Storage thin provisioning can save space on a VMware Virtual Machine Disk File (VMDK), but reclaiming that space requires the use of tools described below.
I have experimented with Virtual Machine Disk Format (VMDK) thin provisioning since the beta release of vSphere 4.0 as I don't have much storage space to spare.
Before we get into the nuts and bolts of what I discovered, here's some background on thin provisioning. Normally, when a 50 GB VMDK is created, it immediately eats up 50 GB of disk space on the Virtual Machine File System (VMFS) volume. Since application owners often demand more space than they truly need, there is a lot of expensive storage area network (SAN) disk capacity dedicated to these applications that will never be used. When you thin-provision a VMDK, storage is not allocated to the VMDK unless it is actually used. As long as only 10 GB of the allocated 50 GB disk is used, only 10 GB is claimed.
Once the disk gets filled with data, the 50 GB that was claimed is used, which is very logical. But it is not possible to delete the data and reclaim this deleted space at storage level. Once a thin-provisioned disk grows, it won't shrink. This is not because of limitations on storage or vSphere level but because storage and vSphere don't receive the information that those blocks are empty. Windows does not delete a file when you delete it; it just updates the master file table and registers that block X to Y is now again available for writing, but the space isn't emptied. This is why neither vSphere nor storage knows that the block can be reclaimed.
Some storage vendors, however, have worked on special drivers that can interact with the guest operating system and tell the storage that it can reclaim some blocks when the guest deletes files.
Storage VMotion to reclaim space
When I first heard about thin provisioning at VMworld 2009 in Cannes, I immediately thought about how I would get to my customers' existing installed base without downtime. Luckily, in the vCenter Migration wizard, there is a question to change the data store for a VMDK or all of the VMDKs of a virtual machine (VM) and immediately change the disk type from thick- to thin-provisioned. You can use the Storage VMotion feature on a VMDK and reclaim the unused space in this way, but remember that only empty space that has not previously been written to by the guest OS can be reclaimed.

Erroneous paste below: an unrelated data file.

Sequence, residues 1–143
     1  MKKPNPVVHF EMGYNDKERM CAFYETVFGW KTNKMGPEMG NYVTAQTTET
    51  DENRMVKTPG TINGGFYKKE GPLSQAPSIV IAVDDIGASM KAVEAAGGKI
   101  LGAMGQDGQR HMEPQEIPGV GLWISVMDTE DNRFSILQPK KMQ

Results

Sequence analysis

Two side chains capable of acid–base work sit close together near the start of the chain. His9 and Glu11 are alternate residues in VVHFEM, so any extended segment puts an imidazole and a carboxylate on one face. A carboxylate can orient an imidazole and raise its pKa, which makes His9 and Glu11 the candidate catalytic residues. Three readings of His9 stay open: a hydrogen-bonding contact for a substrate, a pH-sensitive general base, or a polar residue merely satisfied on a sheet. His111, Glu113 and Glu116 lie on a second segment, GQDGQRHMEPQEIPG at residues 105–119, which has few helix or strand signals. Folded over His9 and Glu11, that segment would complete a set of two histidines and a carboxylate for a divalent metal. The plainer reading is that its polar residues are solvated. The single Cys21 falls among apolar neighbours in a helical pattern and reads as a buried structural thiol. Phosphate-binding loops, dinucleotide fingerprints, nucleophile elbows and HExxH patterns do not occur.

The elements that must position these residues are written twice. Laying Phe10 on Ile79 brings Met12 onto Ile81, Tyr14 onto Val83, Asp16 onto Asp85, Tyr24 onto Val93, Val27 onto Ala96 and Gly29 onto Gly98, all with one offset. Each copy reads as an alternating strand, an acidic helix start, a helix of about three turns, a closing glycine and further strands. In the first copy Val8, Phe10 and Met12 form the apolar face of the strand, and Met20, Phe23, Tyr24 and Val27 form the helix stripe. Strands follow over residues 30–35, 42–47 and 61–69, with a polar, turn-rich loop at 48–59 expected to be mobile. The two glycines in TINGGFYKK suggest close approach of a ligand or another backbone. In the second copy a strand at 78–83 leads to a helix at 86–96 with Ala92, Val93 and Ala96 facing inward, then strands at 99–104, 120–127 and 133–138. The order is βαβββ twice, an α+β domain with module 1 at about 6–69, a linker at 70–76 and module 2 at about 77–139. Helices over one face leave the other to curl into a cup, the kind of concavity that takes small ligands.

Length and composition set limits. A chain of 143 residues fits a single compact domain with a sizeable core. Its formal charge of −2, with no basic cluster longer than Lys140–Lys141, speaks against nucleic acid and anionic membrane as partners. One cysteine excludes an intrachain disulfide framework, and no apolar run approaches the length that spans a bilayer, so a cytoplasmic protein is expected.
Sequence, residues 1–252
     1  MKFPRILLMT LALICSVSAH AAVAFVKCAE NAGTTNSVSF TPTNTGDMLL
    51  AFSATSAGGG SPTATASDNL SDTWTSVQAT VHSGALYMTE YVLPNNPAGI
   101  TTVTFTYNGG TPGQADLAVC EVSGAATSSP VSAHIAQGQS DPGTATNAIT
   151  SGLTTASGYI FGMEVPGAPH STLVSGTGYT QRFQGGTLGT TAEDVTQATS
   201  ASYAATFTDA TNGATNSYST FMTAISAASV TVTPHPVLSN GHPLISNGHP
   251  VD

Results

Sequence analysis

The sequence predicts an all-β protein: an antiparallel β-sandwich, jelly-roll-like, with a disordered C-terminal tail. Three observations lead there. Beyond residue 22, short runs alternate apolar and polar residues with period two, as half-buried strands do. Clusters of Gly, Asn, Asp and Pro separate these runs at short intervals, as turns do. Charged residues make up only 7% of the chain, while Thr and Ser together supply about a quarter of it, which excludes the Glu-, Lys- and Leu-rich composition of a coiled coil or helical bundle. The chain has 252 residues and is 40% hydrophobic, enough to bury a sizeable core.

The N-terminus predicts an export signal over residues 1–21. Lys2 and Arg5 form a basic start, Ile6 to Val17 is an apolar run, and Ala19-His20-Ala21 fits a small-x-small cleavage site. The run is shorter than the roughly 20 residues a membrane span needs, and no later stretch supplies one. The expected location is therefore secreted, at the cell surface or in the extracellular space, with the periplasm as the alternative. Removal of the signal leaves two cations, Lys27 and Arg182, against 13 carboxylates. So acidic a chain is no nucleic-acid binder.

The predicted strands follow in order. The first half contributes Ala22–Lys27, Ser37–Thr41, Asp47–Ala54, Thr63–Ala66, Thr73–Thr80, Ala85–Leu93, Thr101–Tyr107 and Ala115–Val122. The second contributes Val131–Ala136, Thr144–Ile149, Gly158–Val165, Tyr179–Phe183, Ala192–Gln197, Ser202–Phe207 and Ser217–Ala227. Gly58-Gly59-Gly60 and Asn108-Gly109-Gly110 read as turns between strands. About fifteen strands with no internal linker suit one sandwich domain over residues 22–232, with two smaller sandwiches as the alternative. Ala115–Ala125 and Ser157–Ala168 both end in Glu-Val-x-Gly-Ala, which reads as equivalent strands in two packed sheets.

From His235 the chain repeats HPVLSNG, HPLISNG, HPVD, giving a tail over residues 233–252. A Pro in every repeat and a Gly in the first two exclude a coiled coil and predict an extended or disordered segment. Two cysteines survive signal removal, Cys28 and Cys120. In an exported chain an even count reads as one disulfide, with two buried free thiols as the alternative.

As a test, I tried the following:
- Added a 10 GB thin-provisioned VMDK to a Windows 2003 virtual machine.
- Filled the VMDK with data and later deleted this data.
- In vCenter, saw that the disk now used 10 GB. As expected, no data had been freed on storage level by deleting it inside Windows.
- Used Storage VMotion to migrate this VMDK to a different data store. This did not free up space on storage level however. It didn't matter if in the wizard I selected Keep Disk Format or "Change to Thin Provisioned Disk."
This proved that deleting files does not reclaim unused blocks. But it is still quite a waste that these blocks can't be reclaimed again, so I looked into other ways to reclaim this space.
Using sdelete to reclaim space
The tool I used next is from Sysinternals called sdelete. To reclaim space on a Windows VMDK, download sdelete to the local hard disk. In my example, I used sdelete to clean the E: drive of the VM. Running sdelete with the following command will clear all lost space: "sdelete - c E:". Since this is a rather heavy I/O operation, you should plan this action very carefully in a production environment. Also note that after clearing, the blocks will really be empty. If a file is deleted by accident, it is almost impossible to use data recovery tools on that disk. So have good backups available before experimenting with this.
After sdelete has cleared your drive, vCenter will still show maximum disk usage, so the last step in reclaiming space is to use Storage VMotion. Since the disk is already in thin-provision format, you can choose the wizard to "Keep Disk Format" or "Change to Thin Provisioned Disk." Both options will now really free unused space. After the Storage VMotion has finished, you might have to press "Update storage usage" to force vCenter to recalculate storage usage, but after that, the VM will use far less storage then previously.
Using the VMtools shrink option
In a Windows VM with VMware Tools running, you can right-click the VMtools icon and select Open VMware Tools. One of the tabs displayed will be "Shrink." Normally, this would clear all unused disk space, but strangely this doesn't work for thin-provisioned disk. So unfortunately, this option isn't helpful when you want to reclaim unused disk space.
|Gabrie van Zanten (VCP) has been in the IT industry for 12 years. Currently he is a virtualization architect for a worldwide consultancy company and has designed and maintained virtual infrastructures for a number of customers. He has written articles for magazines and frequently publishes in-depth articles at his weblog, GabesVirtualWorld.|